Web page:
Big Love


By Vivien Goldman

The Kill Rock Stars scene in Olympia, Wa. where you started out must have been another alternative family for you. What was it like arriving there?
It was a dream. Coming from Arkansas I just thought every punk scene was really small. So when I went to Kill Rock Stars I was shocked. I was listening to Pussy Whipped by Bikini Kill, Call the Doctor by Sleater-Kinney. To go and see where professional punk is made was a good entrance into the world of labels. It's really important because it sets the foundation for punks of the future who may not know that then. But someday they are going to turn 30, and you can't sleep on couches and get scabies forever. You know what I mean?

Did you go with a major label to get a bigger platform?
I didn't know what to do. We wanted to be on a large indie, someone who could do something for us in Europe. Honestly, our manager at the time made it seem like no one wanted us, even after we'd topped the NME Cool List in the U.K.

And now you're even creating a plus-size fashion line with Evans.
I'm just as excited about the line as I am about the record. It's a dream. You sketch something and send it to the art directors, and they make a little model of it and send it back to you.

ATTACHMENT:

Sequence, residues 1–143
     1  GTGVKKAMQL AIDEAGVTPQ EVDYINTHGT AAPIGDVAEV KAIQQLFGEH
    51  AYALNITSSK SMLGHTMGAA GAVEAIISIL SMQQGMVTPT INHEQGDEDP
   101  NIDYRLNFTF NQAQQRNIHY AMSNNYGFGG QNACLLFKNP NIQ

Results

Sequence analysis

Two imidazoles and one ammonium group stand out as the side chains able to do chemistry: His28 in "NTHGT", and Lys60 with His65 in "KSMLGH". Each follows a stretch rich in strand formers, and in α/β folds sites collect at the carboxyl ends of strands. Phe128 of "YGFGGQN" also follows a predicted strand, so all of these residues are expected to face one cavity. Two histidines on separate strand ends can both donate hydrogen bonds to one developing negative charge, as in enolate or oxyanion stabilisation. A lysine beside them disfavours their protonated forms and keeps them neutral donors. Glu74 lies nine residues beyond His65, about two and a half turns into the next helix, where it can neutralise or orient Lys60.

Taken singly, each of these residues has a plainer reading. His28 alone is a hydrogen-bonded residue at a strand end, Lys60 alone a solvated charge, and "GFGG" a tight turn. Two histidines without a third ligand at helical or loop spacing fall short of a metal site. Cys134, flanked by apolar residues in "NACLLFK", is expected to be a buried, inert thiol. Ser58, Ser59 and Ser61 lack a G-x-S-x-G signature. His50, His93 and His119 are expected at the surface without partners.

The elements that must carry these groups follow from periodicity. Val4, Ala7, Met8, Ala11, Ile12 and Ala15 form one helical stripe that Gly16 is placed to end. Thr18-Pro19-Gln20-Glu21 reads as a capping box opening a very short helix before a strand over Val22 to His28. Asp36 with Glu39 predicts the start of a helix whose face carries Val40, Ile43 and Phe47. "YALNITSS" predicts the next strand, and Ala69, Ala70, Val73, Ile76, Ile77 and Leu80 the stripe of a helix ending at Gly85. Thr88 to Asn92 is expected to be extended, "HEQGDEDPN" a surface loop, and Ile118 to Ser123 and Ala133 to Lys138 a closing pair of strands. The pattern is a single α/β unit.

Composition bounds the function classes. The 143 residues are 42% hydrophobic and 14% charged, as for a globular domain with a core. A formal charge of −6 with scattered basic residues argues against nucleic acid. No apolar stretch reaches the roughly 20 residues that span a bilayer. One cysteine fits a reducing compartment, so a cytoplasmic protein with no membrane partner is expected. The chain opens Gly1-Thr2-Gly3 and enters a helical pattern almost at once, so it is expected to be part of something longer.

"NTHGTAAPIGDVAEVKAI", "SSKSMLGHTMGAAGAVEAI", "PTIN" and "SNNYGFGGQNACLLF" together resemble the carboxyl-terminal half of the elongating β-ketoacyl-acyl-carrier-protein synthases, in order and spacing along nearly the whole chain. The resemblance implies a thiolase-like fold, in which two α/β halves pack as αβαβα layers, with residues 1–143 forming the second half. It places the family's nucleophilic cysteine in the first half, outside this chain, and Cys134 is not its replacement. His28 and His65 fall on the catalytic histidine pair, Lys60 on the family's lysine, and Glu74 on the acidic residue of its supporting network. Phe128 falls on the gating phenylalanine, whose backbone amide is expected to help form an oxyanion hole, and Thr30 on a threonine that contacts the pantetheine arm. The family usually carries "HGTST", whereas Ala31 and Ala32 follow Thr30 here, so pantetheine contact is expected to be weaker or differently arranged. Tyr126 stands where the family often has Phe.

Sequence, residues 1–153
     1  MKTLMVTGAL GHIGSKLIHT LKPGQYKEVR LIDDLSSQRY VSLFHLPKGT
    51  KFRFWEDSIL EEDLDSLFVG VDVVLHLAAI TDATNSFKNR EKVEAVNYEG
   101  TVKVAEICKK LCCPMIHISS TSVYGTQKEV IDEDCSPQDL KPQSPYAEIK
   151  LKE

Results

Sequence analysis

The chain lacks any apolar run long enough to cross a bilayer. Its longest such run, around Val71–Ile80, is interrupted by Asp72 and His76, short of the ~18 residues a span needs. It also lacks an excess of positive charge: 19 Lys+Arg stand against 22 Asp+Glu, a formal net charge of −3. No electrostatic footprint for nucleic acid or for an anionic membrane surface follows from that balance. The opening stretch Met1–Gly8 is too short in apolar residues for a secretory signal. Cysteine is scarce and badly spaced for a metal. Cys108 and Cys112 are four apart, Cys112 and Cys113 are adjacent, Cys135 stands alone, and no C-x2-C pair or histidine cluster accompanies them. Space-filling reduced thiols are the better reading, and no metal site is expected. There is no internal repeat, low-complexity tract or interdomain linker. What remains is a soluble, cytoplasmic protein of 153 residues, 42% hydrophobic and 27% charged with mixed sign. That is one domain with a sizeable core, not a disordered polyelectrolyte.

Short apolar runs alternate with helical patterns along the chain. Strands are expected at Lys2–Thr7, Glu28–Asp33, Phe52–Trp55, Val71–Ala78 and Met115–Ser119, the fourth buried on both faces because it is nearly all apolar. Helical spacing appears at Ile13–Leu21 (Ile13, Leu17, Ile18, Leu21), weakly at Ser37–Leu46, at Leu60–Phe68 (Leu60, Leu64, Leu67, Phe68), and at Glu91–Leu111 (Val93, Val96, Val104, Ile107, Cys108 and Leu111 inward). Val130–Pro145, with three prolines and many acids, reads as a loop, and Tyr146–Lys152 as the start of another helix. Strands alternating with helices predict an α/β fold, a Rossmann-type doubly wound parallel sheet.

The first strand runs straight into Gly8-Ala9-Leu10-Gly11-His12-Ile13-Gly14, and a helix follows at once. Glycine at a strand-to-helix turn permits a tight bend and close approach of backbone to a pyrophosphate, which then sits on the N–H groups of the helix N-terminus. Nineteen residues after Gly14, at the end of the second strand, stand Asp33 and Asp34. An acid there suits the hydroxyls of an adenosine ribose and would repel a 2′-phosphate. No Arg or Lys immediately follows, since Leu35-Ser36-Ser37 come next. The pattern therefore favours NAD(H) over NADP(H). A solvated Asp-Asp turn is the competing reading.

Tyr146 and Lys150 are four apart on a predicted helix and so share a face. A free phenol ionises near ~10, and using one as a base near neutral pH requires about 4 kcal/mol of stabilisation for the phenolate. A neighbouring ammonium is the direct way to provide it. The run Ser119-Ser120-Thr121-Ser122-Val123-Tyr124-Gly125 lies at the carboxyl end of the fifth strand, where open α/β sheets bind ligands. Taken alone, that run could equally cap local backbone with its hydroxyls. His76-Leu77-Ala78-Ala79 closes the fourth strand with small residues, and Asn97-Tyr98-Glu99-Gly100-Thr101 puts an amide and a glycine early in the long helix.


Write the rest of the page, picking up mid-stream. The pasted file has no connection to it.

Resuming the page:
Are you going fitted or flowing?
I do like muumuus, but it's way fitted. I tried not to make the line look like me. I think that's where people have gone wrong. The whole idea is to get the cut right, because they never do for big people. I can't wait for the next collection. I'll be more assertive.

Was George Michael a meaningful artist to you? You do such a beautiful version of his 'Careless Whisper.'
Thanks! Yeah. When I was a kid in the early '80s, MTV was outlawed in our town. They removed it from our cable option.

For being too obscene?
Yes, for being too obscene and too empowering, really. This Christian college in our town ran everything, still runs everything. When I lived there you had to ask for the gay magazines behind the counter, you couldn't just grab them off the shelf. I'm almost positive they don't even carry gay magazines today.

You mean they can't read this interview in your hometown.
Right. I'm almost positive they won't be able to read this.

So they'd be surprised to see you on the cover of Out?
The local newspaper ran a story that said I didn't believe in God. That caused a bit of a ruckus. Other than that, no one is ever surprised. I think I'm exactly what they thought I would be.

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